Research School of Finance,
Actuarial Studies and Statistics
E-Mail: antje.berndt @anu.edu.au
NBER Working Papers and Publications
|January 2018||Corporate Credit Risk Premia|
with Rohan Douglas, Darrell Duffie, Mark Ferguson: w24213
We measure credit risk premia - prices for bearing corporate default risk in excess of expected default losses - using Markit CDS and Moody’s Analytics EDF data. We find dramatic variation over time in credit risk premia, with peaks in 2002, during the global financial crisis of 2008-09, and in the second half of 2011. Even after normalizing these premia by expected default losses, median credit risk premia fluctuate over time by more than a factor of ten. Credit risk premia comove with macroeconomic indicators, even after controlling for variation in expected default losses, with higher premia per unit of expected loss during times of market-wide distress. Countercyclical variation of premia-to-expected-loss ratios is more pronounced for investment-grade issuers than for high-yield issuer...
Published: Antje Berndt & Rohan Douglas & Darrell Duffie & Mark Ferguson, 2018. "Corporate Credit Risk Premia," Review of Finance, vol 22(2), pages 419-454.
|October 2010||How Does the U.S. Government Finance Fiscal Shocks?|
with Hanno Lustig, Sevin Yeltekin: w16458
We develop a method for identifying and quantifying the fiscal channels that help finance government spending shocks. We define fiscal shocks as surprises in defense spending and show that they are more precisely identified when defense stock data are used in addition to aggregate macroeconomic data. Our results show that in the postwar period, over 9% of the U.S. government's unanticipated spending needs were financed by a reduction in the market value of debt and more than 73% by an increase in primary surpluses. Additionally, we find that long-term debt is more effective at absorbing fiscal risk than short-term debt.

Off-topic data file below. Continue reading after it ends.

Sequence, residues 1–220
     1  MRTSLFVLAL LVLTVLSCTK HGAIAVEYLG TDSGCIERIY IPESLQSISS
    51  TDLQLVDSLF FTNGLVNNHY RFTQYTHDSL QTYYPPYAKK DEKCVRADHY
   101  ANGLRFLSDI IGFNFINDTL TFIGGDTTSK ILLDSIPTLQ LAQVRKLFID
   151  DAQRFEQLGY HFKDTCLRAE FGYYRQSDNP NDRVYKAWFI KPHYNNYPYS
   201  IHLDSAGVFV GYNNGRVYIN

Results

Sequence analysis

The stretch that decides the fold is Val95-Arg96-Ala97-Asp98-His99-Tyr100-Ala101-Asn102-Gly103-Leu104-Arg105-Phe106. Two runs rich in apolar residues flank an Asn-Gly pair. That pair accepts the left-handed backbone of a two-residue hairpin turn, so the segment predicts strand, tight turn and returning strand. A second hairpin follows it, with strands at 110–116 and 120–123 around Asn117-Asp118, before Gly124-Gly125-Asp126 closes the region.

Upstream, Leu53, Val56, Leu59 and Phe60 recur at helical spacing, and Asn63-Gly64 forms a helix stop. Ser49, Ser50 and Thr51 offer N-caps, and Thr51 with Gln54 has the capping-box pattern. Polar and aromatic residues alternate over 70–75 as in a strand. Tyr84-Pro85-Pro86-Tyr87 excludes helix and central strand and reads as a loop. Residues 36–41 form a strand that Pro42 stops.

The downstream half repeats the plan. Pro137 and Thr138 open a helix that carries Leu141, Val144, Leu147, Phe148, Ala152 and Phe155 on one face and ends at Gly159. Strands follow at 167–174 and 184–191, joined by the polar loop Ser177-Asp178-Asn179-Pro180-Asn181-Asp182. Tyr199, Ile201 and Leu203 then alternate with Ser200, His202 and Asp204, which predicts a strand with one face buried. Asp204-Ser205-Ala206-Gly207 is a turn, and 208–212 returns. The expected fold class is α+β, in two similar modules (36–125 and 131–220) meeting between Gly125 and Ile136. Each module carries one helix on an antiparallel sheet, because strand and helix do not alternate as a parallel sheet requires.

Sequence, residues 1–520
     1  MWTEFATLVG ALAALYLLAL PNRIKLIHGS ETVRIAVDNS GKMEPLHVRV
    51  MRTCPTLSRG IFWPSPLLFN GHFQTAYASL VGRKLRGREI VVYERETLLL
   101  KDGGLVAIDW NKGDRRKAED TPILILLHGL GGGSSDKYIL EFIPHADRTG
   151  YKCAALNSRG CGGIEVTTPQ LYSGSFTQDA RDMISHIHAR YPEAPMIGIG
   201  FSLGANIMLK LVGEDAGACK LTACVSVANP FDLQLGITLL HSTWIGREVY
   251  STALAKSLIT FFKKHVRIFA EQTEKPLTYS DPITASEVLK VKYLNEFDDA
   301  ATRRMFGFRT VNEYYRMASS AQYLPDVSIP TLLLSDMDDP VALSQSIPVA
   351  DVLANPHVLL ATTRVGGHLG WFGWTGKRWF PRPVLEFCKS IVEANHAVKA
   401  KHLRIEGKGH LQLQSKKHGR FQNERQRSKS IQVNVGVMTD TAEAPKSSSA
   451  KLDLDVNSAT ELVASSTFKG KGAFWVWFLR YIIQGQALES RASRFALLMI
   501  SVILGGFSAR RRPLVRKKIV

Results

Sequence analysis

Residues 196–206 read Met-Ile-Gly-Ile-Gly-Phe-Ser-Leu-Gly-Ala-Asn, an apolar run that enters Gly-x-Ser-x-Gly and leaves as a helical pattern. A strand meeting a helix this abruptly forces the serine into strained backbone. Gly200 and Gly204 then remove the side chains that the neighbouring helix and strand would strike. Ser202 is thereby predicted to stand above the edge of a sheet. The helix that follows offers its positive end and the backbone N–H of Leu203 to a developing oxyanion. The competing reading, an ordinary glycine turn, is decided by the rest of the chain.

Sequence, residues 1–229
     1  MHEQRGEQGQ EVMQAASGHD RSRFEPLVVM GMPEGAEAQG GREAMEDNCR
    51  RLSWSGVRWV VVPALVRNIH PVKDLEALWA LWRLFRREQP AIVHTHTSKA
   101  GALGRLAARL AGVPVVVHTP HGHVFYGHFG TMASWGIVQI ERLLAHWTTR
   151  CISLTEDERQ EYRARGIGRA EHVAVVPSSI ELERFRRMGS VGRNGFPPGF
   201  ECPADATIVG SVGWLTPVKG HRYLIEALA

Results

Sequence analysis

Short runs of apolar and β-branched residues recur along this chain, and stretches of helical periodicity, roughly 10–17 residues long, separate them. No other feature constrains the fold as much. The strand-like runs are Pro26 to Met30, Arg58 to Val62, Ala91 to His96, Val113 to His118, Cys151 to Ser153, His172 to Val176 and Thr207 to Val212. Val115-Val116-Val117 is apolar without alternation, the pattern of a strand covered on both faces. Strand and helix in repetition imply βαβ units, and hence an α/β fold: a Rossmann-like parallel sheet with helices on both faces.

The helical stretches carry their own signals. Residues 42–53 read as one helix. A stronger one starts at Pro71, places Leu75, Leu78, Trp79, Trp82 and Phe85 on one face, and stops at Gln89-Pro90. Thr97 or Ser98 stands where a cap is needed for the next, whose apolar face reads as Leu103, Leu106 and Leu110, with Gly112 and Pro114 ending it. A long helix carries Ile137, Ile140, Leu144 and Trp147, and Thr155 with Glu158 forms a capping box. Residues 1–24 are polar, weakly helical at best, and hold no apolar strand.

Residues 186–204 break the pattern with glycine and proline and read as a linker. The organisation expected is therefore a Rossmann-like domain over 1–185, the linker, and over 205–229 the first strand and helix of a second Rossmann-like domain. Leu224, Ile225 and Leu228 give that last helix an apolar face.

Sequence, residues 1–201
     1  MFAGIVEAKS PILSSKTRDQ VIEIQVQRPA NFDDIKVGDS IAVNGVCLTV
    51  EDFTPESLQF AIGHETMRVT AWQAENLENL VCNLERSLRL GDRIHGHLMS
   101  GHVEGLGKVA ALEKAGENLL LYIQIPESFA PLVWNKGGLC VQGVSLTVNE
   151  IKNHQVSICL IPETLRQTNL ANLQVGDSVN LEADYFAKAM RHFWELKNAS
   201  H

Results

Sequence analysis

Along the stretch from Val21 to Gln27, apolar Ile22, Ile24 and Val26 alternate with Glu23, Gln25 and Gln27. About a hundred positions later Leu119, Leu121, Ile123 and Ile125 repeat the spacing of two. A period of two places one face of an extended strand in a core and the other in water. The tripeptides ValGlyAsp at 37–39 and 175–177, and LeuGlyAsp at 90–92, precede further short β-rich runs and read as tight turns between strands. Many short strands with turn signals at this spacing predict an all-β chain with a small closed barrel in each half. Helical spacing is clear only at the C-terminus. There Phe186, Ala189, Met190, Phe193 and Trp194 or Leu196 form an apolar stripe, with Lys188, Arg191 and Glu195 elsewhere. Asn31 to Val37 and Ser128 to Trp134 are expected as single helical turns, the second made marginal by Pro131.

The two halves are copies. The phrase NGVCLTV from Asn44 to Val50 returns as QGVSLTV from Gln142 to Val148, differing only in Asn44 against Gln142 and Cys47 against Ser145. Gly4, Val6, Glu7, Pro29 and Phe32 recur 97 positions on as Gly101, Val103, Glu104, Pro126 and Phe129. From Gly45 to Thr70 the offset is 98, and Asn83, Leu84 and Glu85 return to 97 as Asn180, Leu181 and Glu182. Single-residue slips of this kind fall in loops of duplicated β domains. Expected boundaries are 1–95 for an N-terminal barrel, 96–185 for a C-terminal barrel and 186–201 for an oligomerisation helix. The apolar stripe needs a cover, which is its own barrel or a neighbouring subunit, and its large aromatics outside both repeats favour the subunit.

Published: Antje Berndt & Hanno Lustig & Sevin Yeltekin, 2012. "How Does the US Government Finance Fiscal Shocks?," American Economic Journal: Macroeconomics, American Economic Association, vol. 4(1), pages 69-104, January. citation courtesy of
|July 2010||The Role of Mortgage Brokers in the Subprime Crisis|
with Burton Hollifield, Patrik Sandås: w16175
Prior to the subprime crisis, mortgage brokers originated about 65% of all subprime mortgages. Yet little is known about their behavior during the runup to the crisis. Using data from New Century Financial Corporation, we find that brokers earned an average revenue of $5,300 per funded loan. We decompose the broker revenues into a cost and a profit component and find evidence consistent with brokers having market power. The profits earned are different for different types of loans and vary with borrower, broker, regulation and neighborhood characteristics. We relate the broker profits to the subsequent performance of the loans and show that brokers earned high profits on loans that turned out to be riskier ex post.
|June 2010||The Role of Mortgage Brokers in the Subprime Crisis|
with Burton Hollifield, Patrik Sandås
in Market Institutions and Financial Market Risk, Mark Carey, Anil Kashyap, Raghuram Rajan, and René Stulz, organizers